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upgrade Rigid TS or buy new saw?

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Forum topic by MountainCat posted 04-10-2018 03:04 PM 813 views 0 times favorited 14 replies Add to Favorites Watch
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MountainCat

7 posts in 466 days


04-10-2018 03:04 PM

New to the site folks and I have a dilemma. I’ve been living with a Ridgid TS-2400 contractor saw for 10+ years, but since I retired and have more time for wood working it’s limitations are beginning to annoy me. Max 26 inch rip, small table that I’ve never been able to get completely flat or flush…....and well, it’s a portable contractor saw. It’s actually pretty accurate for what it is, but it’s still a job site saw.

I can go in two directions from here. The least expensive would be to build it into a work bench, giving me whatever table size I want, increased stability and possibly find a decent after market fence, like a Vega to replace the stock fence and gain rip capacity….........or I can upgrade to a new saw…................looking at Grizzly 0833, but I’m reading a lot about their quality problems and machines arriving with parts missing that have to be back ordered for weeks if not months…........I’m too old to sit around looking at an expensive new piece of equipment that I can’t use for weeks. Also looking at Laguna Fusion F2 for a little more money….......Only negatives I’ve read on that saw are the dust collection, but my Rigid effectively has NONE, so I’m accustomed to cleaning up piles of saw dust at the end of the day. Good DC would be nice, but for me it’s not a deal breaker.

So, should I put mag wheels on the old truck and live with it, or go buy myself a nice new shiny one for a lot more money?...............Money BTW is limited for me, so dropping $1000 or more on a new tool is a big deal.

Your thoughts???


14 replies so far

View bbasiaga's profile

bbasiaga

1243 posts in 2415 days


#1 posted 04-10-2018 03:28 PM

Can you build and sell enough stuff with your current saw to fund the upgrade? On a fixed income if the money is a big deal then I would say build up a table (sounds like you may have more time than money) and buy a better fence.

On the other hand, you can’t take it with you when you go, so if the added enjoyment of a new saw is worth the money to you then go for it. Ramen noodles are cheap if it comes to that. :)

Someone will be along shortly to tell you to buy a unisaw off of craigslist for $50 and a cup of coffee. You could consider that route as well. I’ve never found the luck with used stuff myself.

Brian

-- Part of engineering is to know when to put your calculator down and pick up your tools.

View CRAIGCLICK's profile

CRAIGCLICK

117 posts in 493 days


#2 posted 04-10-2018 03:47 PM

My two cents…

Upgrading doesn’t necessarily mean buying a new saw. I love going into my local Woodcraft and salivating over their new cabinet saws, but the saw that I have (an upgraded Craftsman 113) is more saw than I will need for the foreseeable future.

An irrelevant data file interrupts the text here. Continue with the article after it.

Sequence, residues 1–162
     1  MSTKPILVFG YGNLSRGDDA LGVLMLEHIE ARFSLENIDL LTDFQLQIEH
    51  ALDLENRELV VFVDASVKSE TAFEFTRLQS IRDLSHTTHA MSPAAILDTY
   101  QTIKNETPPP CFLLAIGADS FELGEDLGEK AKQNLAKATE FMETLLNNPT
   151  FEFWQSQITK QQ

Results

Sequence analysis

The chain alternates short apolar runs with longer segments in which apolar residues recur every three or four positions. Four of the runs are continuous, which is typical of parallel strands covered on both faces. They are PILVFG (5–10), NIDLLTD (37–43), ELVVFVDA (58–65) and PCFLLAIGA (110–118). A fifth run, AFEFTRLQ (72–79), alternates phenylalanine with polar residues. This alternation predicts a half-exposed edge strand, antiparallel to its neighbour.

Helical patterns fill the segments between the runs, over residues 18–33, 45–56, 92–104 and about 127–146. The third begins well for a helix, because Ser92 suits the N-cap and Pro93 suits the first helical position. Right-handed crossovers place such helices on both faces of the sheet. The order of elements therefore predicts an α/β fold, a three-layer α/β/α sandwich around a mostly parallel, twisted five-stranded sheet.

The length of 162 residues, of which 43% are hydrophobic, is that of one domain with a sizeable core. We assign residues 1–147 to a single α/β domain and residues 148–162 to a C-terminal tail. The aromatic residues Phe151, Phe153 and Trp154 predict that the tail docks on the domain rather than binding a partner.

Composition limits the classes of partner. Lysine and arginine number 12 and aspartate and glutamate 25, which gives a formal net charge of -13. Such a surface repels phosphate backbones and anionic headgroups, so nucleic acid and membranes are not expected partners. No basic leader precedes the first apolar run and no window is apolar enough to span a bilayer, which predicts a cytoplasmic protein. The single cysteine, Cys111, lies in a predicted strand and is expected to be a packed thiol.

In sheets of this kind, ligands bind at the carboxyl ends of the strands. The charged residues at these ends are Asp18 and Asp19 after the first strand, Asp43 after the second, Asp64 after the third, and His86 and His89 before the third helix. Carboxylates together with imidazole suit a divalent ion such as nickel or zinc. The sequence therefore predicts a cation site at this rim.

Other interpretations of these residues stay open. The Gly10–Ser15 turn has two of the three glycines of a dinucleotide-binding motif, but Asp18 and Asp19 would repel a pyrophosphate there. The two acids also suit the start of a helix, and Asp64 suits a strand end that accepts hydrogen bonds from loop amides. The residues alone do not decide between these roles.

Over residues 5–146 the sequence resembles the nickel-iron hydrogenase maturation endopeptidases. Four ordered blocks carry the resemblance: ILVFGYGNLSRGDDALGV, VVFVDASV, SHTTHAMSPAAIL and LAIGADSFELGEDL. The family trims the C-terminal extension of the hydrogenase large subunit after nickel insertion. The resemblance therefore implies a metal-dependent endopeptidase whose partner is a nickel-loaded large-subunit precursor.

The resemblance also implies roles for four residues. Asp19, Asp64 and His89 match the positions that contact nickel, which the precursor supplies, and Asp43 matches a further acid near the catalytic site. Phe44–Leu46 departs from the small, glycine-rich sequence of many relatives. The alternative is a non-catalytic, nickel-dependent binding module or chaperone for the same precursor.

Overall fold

You can certainly build the Ridgid into a bench and use that. It will give you a large table and the addition of a high quality blade will definitely win half the battle for you.

You can also do what I did and buy and old contractor saw like the craftsman 113 or a Delta 34-444 saw which great bases for modification. Here is the first part of my ongoing saw build. I have two more blog entries on it and I just got it completed, so I have to write the last one.

http://lumberjocks.com/CRAIGCLICK/blog/120521

Whatever you get, make sure that you set aside money for a decent fence. That makes ALL the difference. I recommend a Vega or Biesemeyer.

-- Somewhere between raising hell and amazing grace.

View MountainCat's profile

MountainCat

7 posts in 466 days


#3 posted 04-10-2018 03:56 PM

Thanks Guys…...........Wife passed last year and all I have left are 5 cats and two hobbies, aquariums and wood working….....the two fit together nicely if you build your own stands, etc. I do have good blades, Freud and Forest, for the Ridgid and it does cut pretty well, but it still has the same limitations that any portable saw has.

Yeah, I’ve seen the craigslist recs on other posts and there is merit to that approach from a $$$ perspective. At this point in my life not sure I want another hand-me-down…......I already have one. Don’t know how much improvement and safety I’d gain by building the old saw into a bench with a new fence. In the end it’s still the same saw. I may take a look at CL just to see what’s out there. Maybe I’d find an offer too good to pass up. I can spring for a new saw if I choose to go that way, just not sure if it’s money well spent at 65 yrs. old.

View Andre's profile

Andre

2672 posts in 2226 days


#4 posted 04-10-2018 04:01 PM

IMHO, go with a Cabinet saw, a hybrid would be a huge upgrade. Good used is always best but sometimes a decent sale price can get you cutting a lot sooner! A decent fence and blade will make you wonder why you didn’t do it sooner!